With allusions to David Bowie and interplanetary travel, this 2012 Pulitzer Prize-winning poetry collection from the US Poet Laureate blends pop culture, history, elegy, anecdote, and sociopolitical commentary to illustrate the oddities of contemporary existence.
Its alternating cosmic breadth and intimate focus derives from the shared situation of poets and astronomers, squinting to glimpse immensity: 'bowing before the oracle-eye, hungry for what it would find.' Smith’s own poetic focus, though polished, like the lenses of the Hubble, 'to an impossible strength,' is often directed to the here and now: the book is by turns intimate, even confessional, regarding private life in light of its potential extermination, and resoundingly political, warning of a future that 'isn’t what it used to be,' the refuse of a party piled with 'postcards / And panties, bottles with lipstick on the rim' ... Smith’s central conceit allows her to see us, our moment, as specks in the future’s rearview mirror. Futures and pasts are, in astronomy as in poetry, all mixed up ... The issues of power and paternalism suggest the deep ways in which this is a book about race.
She doesn’t try to reconcile the messes in our heads. In Life on Mars she celebrates our confusing, question-riddled relationship with the universe ... We’re pulled between poems of dark, distant futures and the retro-futuristic worlds of previous generations. And as we accumulate a broader picture of space, Smith turns inward and become increasingly intimate. Other poems focus on her late father, an engineer who worked on the Hubble Telescope. In her grief she finds herself riddled with yet more questions about the state of that that is absent ... From the cosmos to the personal, Tracy Smith reminds us of the presence of absent forces. Space is not empty, but rather a host of our projections and ungraspable things.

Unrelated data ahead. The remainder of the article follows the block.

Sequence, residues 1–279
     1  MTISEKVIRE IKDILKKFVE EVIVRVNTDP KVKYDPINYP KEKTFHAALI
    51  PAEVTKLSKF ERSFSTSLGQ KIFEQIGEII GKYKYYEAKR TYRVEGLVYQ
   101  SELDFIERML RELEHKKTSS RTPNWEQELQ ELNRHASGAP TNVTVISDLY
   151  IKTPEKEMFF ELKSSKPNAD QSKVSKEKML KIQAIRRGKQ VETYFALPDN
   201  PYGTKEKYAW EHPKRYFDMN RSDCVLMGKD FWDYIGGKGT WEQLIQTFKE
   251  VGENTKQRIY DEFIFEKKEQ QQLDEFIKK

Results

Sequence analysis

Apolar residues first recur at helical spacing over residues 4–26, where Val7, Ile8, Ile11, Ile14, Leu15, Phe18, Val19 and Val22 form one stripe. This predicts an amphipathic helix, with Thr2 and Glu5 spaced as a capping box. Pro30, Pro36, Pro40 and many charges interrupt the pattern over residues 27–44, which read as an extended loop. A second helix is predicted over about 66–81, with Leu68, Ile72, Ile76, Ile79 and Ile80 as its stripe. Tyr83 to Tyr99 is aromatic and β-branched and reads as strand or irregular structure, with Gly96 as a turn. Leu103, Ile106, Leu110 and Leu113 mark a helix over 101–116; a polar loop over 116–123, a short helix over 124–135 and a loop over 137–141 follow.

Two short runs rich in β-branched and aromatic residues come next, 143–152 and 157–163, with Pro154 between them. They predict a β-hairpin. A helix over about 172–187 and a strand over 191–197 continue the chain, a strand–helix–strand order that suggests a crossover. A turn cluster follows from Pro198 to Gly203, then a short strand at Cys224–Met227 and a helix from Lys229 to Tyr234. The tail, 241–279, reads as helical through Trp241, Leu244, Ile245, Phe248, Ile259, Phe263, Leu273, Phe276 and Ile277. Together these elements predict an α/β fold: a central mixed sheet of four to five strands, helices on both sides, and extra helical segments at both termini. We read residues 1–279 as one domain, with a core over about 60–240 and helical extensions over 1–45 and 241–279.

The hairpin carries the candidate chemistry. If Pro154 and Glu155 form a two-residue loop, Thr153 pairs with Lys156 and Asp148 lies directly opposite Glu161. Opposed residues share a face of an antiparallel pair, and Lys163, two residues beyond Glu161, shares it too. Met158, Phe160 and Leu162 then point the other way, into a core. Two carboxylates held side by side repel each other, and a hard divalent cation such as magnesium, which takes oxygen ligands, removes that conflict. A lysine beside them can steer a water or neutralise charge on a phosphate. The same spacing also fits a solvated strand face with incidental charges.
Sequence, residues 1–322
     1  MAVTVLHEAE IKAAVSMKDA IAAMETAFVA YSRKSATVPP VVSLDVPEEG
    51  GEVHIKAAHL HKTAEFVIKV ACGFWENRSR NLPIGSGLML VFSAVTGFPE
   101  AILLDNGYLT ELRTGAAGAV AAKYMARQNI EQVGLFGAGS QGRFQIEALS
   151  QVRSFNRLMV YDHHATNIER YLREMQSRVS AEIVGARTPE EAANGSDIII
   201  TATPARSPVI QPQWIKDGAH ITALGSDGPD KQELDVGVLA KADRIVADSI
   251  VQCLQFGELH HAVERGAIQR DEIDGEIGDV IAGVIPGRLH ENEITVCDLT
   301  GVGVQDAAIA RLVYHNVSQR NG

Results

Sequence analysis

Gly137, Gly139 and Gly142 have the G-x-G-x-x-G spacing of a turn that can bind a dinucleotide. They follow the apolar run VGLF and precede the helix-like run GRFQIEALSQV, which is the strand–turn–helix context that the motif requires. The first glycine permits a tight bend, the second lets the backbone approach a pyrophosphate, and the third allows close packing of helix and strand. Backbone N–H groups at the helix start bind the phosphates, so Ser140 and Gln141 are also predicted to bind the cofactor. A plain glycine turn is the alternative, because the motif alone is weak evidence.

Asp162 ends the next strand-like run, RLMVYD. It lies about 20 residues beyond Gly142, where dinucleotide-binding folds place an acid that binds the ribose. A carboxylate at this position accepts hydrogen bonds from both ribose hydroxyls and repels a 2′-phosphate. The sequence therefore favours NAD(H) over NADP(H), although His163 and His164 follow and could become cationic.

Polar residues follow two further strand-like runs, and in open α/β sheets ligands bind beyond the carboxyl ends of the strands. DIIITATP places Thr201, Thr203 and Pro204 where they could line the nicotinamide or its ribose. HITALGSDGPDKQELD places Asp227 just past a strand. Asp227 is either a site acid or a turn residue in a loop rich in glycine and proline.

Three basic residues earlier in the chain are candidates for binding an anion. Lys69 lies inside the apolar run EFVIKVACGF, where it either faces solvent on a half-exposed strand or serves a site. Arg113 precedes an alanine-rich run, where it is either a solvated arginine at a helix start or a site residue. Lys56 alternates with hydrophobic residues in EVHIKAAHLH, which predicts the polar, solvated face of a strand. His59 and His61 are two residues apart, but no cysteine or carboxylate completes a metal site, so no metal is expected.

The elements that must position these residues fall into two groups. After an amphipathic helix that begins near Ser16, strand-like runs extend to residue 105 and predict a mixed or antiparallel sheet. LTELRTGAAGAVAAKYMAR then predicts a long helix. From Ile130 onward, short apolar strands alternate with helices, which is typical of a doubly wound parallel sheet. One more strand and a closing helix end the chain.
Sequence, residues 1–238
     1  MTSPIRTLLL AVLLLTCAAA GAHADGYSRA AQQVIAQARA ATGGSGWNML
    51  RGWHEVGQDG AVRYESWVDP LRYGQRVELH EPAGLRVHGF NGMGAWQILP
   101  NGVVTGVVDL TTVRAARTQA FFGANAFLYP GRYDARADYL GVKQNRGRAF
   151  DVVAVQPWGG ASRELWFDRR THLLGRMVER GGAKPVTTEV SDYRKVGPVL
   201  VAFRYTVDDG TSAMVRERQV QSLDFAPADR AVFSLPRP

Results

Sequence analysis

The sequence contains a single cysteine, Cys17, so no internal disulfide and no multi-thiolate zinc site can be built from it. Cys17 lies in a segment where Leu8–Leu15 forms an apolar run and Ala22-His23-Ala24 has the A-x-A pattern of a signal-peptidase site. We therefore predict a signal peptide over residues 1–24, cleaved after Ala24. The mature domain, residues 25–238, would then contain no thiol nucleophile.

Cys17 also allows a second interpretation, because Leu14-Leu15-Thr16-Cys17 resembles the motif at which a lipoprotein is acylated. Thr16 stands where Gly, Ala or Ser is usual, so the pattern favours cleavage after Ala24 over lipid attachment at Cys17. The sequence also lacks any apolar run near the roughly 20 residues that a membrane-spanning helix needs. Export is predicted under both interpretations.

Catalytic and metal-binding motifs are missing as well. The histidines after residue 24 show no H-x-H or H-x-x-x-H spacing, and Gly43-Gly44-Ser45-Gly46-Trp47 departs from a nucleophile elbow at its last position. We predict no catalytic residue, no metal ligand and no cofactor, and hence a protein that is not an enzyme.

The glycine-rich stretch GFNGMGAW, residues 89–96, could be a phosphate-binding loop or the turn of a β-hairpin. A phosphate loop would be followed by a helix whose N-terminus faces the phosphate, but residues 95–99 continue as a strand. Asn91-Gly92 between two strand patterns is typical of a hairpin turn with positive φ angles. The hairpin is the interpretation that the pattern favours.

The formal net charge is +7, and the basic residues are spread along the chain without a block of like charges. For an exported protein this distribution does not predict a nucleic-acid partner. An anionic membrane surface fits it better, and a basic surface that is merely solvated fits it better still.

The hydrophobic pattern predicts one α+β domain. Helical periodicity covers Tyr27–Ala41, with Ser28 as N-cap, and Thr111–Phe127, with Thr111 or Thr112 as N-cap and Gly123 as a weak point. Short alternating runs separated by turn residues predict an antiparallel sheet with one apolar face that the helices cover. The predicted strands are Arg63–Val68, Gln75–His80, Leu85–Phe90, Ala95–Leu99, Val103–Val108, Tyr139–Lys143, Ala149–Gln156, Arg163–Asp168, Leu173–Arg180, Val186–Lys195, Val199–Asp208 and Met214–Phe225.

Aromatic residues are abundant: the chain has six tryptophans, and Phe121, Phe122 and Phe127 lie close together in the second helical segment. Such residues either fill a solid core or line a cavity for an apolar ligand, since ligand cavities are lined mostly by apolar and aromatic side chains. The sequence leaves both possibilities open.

Smith is quick to suggest that the important thing is not to discover whether or not we’re alone in the universe; it’s to accept — or at least endure — the universe’s mystery ... Smith’s pairing of the philosophically minded poems in the book’s first section with the long elegy for her father in the second is brilliant ... The end of Life on Mars is less successful than the beginning ... Smith’s desire to write about injustice is commendable, but her approach can be haphazard ... Life on Mars concludes with another group of poems on miscellaneous subjects, but here the concerns are more lighthearted, personal and domestic ... There are certainly some fine poems here — 'When Your Small Form Tumbled Into Me' is a gorgeous and ecstatic sonnet — but after the intensity and focus of the opening sequences, some of these poems feel like also-rans ... In Life on Mars, Smith shows herself to be a poet of extraordinary range and ambition. It’s not easy to be so convincing in both the grand gesture and the reverent contemplation of a humble plate of eggs, and the early successes of this collection far outweigh its later missteps.